submitters +1ing their own packages
jwboyer at gmail.com
Thu Sep 8 17:16:50 UTC 2011
On Thu, Sep 8, 2011 at 12:54 PM, Nils Philippsen <nils at redhat.com> wrote:
> On Wed, 2011-09-07 at 18:02 -0700, Adam Williamson wrote:
>> On Wed, 2011-09-07 at 18:47 -0600, Kevin Fenzi wrote:
>> > * As a maintainer it's easy to have a env that gets out of sync with
>> > what a QA or end user would use. Ie, you make 20 iterations of a
>> > package to test something, tweak configs to check something, and get
>> > it all working, but perhaps your machine is no longer setup the way a
>> > fresh install or upgrade of your package would be. Or you tested a
>> > version and then changed just 'one little thing' and pushed that and
>> > it turned out to break it.
>> Both hughsie and myself, and I think everyone else in favour of
>> maintainer +1s, suggested maintainers should test *in a vanilla
>> environment*, with the actual package they were submitting, before
>> +1ing. +1ing on the basis of a test build or in a dirty environment
>> would be a no-no and could lead to the removal of +1 privileges if
> I think we should define what a "vanilla environment" is then. One could
> argue that either of the following could be described as "vanilla":
> - A fresh system without any modifications or unstable updates other
> than that being tested. Pro: makes testing comparable. Contra: You
> essentially need a special VM for testing which needs to be installed
> freshly for each tested update. Makes tests comparable ;-), i.e. reduces
> the amount of different environments in which an update is tested. I do
> actually want testing to be done on systems that aren't just "minimal
> install plus updates plus a user beside root".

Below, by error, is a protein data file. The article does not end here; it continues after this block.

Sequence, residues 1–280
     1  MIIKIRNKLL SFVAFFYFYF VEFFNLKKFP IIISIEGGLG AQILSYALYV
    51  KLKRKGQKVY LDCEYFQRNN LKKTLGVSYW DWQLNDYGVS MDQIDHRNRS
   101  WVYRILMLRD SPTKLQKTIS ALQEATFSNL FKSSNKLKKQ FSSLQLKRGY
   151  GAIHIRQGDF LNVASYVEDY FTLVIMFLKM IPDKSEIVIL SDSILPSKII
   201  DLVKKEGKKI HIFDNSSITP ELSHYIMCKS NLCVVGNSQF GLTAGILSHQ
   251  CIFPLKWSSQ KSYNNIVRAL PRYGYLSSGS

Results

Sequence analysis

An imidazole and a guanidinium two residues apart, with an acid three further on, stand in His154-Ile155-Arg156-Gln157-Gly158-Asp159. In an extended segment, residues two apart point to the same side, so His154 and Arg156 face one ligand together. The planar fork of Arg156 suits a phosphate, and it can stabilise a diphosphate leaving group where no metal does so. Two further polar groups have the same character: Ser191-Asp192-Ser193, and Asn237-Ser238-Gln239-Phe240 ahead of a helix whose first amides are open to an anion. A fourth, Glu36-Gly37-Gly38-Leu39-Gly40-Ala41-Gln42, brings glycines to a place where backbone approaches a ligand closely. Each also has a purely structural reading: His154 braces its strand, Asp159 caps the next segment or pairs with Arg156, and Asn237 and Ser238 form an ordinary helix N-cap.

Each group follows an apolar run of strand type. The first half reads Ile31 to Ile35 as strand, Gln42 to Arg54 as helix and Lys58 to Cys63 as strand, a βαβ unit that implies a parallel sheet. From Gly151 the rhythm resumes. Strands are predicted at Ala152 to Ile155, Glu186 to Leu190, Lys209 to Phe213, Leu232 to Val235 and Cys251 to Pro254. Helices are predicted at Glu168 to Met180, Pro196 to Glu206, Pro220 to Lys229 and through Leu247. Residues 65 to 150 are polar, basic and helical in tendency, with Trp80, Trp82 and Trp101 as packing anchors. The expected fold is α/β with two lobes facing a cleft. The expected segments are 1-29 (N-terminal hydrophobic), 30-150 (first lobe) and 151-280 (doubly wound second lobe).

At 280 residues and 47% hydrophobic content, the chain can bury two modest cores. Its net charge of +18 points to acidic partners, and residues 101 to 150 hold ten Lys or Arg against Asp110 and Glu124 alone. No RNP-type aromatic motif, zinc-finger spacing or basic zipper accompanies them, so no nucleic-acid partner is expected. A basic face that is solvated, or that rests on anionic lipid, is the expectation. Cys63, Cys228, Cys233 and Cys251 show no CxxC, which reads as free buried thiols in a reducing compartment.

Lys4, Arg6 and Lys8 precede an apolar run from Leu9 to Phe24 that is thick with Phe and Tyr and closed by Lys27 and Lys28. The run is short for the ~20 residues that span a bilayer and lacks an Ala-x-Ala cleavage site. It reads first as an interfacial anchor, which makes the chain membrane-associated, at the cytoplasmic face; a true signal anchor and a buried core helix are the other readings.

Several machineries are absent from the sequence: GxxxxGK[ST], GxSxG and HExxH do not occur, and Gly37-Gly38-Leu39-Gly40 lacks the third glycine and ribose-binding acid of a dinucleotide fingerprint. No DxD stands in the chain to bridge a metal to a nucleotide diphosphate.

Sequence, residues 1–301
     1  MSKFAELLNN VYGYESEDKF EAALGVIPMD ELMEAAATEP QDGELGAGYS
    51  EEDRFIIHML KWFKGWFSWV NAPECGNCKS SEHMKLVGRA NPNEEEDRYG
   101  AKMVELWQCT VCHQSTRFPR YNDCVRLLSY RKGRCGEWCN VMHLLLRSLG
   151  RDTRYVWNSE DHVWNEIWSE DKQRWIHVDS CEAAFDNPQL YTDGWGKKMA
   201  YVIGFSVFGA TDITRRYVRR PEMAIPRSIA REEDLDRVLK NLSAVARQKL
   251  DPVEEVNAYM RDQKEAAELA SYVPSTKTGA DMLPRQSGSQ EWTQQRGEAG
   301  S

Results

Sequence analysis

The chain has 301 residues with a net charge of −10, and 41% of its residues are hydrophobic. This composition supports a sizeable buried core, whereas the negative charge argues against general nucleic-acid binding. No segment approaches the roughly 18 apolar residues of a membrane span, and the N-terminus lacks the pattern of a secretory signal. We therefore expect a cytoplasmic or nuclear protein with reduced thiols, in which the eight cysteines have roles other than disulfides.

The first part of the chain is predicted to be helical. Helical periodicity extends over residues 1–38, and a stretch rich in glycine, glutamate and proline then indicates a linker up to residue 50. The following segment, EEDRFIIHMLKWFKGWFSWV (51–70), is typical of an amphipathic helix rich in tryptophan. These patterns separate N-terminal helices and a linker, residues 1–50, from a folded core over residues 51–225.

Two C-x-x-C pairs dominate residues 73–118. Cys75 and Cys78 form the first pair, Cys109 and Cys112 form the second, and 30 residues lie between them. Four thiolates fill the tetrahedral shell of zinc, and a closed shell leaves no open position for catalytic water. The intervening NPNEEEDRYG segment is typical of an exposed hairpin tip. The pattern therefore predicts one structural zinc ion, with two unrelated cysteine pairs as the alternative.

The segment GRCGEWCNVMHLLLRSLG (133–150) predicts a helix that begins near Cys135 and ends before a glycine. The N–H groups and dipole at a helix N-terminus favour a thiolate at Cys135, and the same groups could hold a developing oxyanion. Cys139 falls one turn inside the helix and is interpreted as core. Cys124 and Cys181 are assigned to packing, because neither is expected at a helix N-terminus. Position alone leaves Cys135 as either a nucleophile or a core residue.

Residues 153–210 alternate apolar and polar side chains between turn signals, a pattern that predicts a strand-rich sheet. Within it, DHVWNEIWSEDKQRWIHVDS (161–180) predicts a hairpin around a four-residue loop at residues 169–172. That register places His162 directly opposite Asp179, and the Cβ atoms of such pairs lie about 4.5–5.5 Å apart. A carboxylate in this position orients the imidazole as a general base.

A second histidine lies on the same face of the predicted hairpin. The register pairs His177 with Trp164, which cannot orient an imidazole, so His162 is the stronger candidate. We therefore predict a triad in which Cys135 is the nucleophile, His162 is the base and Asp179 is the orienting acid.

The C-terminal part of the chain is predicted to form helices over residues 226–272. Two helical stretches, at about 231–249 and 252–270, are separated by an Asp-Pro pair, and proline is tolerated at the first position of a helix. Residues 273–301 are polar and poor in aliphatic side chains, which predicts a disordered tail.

> - A system in good condition (packages verify well, no dupes) that's
> used normally, i.e. what you would see being used by normal persons
> without any fancy hacks in configuration, or worse, non-config files
> owned by packages. Pro: Easy to test as you don't need to do anything
> fancy, just yum --enablerepo=updates-testing update <pkg>; <use pkg>
Neither one of those definitions addresses the large variety of
configurations that are possible with vanilla Fedora packages. E.g.
your update might work wonderfully running a default Gnome desktop
install, but crash portions of the KDE or XFCE stack (for cases of
underlying desktop infrastructure).
I don't think a maintainer can realistically replace wide-spread user
based testing in a variety of environments. In light of that, we can
either accept a maintainer +1 as "I tested this as I would use it and
it worked" (which should be implied by them submitting the update
already anyway), or we can disallow it as the policy says.
I don't think adding more definitions or steps to the existing policy
is really going to improve anything.
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